Learn about Alzheimer's symptoms, from the early stages to the more severe stages.
Alzheimer's disease, a progressive and degenerative brain disease, is the most common cause of dementia among older people. More than four million people in the United States suffer from Alzheimer's symptoms, according to the Mayo Clinic. Even more astonishing, the number of Americans with Alzheimer's is expected to triple by the year 2050 as the nation's population ages.
While the disease can be difficult to cope with, recognizing Alzheimer's symptoms early on can help patients learn how to improve their quality of life and delay symptoms from worsening. Take a look at some of the most common Alzheimer's symptoms.
Alzheimer's symptoms are difficult to recognize in the disease's early stages because the condition worsens as it progresses. Alzheimer's sufferers may recognize that something is wrong, but might try to hide his or her problems, making it difficult for family members to recognize symptoms of the disease.
The early stage of Alzheimer's disease is marked by forgetfulness. People with the condition may make the same statement repeatedly, misplace items, have trouble remembering the names of common items, and get lost navigating routes that were once familiar. They might forget where things belong, and put them in odd places. For example, they may put clothing in the dishwasher. In addition, they could develop problems when handling money. They may be unable to balance a checkbook or pay bills, or they may simply hand over a wallet or checkbook when confronted with a bill that needs to be paid. Personality changes also take place in the early stage of Alzheimer's disease.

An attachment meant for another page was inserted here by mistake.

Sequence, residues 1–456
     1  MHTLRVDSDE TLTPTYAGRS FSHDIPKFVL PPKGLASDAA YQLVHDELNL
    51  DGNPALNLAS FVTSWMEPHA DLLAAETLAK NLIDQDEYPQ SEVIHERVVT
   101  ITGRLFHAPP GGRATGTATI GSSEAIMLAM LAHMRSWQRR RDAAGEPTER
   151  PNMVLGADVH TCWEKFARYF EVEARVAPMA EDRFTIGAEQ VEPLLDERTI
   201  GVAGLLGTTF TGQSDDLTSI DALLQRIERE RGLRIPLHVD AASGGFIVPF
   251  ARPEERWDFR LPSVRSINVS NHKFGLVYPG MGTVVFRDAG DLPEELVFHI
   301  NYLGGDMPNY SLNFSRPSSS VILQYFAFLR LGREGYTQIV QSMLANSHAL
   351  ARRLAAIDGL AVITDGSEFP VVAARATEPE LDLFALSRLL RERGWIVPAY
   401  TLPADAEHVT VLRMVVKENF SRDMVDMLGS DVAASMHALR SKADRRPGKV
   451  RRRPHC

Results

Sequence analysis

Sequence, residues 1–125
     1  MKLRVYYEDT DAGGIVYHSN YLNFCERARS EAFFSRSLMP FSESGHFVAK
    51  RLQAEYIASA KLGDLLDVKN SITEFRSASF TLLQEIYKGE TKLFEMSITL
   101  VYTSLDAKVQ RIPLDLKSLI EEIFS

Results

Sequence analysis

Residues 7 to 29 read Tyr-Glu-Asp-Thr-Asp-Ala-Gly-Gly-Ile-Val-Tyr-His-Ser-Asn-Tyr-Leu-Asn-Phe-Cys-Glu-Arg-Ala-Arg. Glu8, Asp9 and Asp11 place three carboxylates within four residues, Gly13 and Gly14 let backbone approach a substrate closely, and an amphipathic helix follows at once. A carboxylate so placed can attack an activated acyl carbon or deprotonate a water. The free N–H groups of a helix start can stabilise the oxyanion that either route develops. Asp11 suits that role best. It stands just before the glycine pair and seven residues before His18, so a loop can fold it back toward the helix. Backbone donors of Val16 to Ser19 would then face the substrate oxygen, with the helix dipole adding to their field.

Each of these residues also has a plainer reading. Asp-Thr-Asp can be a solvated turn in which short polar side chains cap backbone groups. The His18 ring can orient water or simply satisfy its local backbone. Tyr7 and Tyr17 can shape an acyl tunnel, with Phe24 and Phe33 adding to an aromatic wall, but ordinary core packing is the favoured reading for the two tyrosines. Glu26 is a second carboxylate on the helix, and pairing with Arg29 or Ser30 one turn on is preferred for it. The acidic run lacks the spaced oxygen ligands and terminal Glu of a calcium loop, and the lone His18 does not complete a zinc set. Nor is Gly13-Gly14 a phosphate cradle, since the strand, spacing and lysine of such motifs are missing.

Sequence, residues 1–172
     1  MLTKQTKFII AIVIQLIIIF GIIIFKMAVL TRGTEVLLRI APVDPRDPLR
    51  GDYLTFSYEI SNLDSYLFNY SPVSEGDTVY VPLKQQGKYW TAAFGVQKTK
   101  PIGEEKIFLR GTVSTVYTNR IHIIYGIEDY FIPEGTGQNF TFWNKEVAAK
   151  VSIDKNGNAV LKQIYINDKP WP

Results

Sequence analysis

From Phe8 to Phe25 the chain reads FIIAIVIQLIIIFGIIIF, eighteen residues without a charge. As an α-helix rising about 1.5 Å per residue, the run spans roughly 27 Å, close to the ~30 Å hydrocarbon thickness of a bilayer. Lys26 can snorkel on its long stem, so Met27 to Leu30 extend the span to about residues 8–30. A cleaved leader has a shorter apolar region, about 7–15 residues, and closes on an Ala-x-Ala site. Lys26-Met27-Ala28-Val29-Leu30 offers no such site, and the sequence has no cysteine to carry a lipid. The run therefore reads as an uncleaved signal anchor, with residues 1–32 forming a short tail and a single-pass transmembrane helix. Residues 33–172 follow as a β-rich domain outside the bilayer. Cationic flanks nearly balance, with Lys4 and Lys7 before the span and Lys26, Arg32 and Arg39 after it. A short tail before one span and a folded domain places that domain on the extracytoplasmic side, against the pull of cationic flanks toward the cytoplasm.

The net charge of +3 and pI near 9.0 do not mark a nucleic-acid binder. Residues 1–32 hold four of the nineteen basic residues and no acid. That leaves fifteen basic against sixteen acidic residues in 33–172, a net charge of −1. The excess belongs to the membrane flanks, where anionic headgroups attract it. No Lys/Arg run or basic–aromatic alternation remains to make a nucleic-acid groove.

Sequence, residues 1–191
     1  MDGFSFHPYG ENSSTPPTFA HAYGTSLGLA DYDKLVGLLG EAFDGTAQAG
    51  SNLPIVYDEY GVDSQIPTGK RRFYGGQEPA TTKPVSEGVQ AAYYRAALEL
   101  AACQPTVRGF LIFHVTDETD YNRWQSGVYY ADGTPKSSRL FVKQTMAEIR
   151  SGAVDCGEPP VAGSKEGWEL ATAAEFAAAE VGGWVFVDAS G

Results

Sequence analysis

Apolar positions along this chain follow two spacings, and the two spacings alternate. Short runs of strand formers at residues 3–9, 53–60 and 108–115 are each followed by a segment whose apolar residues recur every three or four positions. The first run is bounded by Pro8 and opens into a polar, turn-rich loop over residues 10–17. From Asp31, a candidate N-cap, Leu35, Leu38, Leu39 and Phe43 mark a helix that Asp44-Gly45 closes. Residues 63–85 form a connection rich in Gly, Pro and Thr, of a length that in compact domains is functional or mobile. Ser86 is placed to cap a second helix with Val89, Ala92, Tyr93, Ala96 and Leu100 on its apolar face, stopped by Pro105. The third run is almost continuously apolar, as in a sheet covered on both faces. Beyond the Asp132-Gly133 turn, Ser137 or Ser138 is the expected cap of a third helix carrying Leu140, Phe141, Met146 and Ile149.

People with Alzheimer's sometimes become more subdued and quiet to avoid making mistakes with language. They may lose interest in others or become easily frustrated and angry and can seem to have lost their "spark."
As Alzheimer's disease progresses, Alzheimer's symptoms become more noticeable. The afflicted person can have trouble sleeping, and hygiene changes become more apparent. Alzheimer's patients may insist that they have bathed, but wear the same clothes over and over again, while maintaining that the clothing, too, is clean.
Loss of memory also becomes more pronounced. Those with the condition may begin to forget the names of people and fail to recognize faces, even those of family members and close friends. Alzheimer's patients can lose the ability to recognize objects or possessions, which may lead them to take things from others.
People with the disease may constantly repeat words, phrases, questions or motions, or make up stories to explain the gaps in their memories during this stage of the disease. As Alzheimer's advances, personality changes also increase. The person can become paranoid or suspicious, make accusations or threats or engage in inappropriate behavior, such as hitting, kicking or biting. Depression and restlessness are common among people with Alzheimer's disease. Judgment falters, and solving common problems, such as taking burning food off the stove, becomes impossible. Performing routine tasks becomes increasingly difficult, until eventually people with Alzheimer's are unable to perform the most basic functions themselves.
During the most severe and final stages of Alzheimer's disease, Alzheimer's symptoms may include the inability to remember even the closest friends or family members. The afflicted lose their memory of language, and may speak only in incomprehensible gibberish.
They may forget how to stand and walk, or be too weak to do so. In the end, people suffering Alzheimer's symptoms will need assistance with every aspect of daily living. Remember that no one should have to face Alzheimer's disease alone.
Family, friends and support groups can help provide the reassurance and care that Alzheimer's sufferers need to cope with the disease. To learn more about the symptoms, causes and treatment of Alzheimer's, visit the Alzheimer's Association Web site.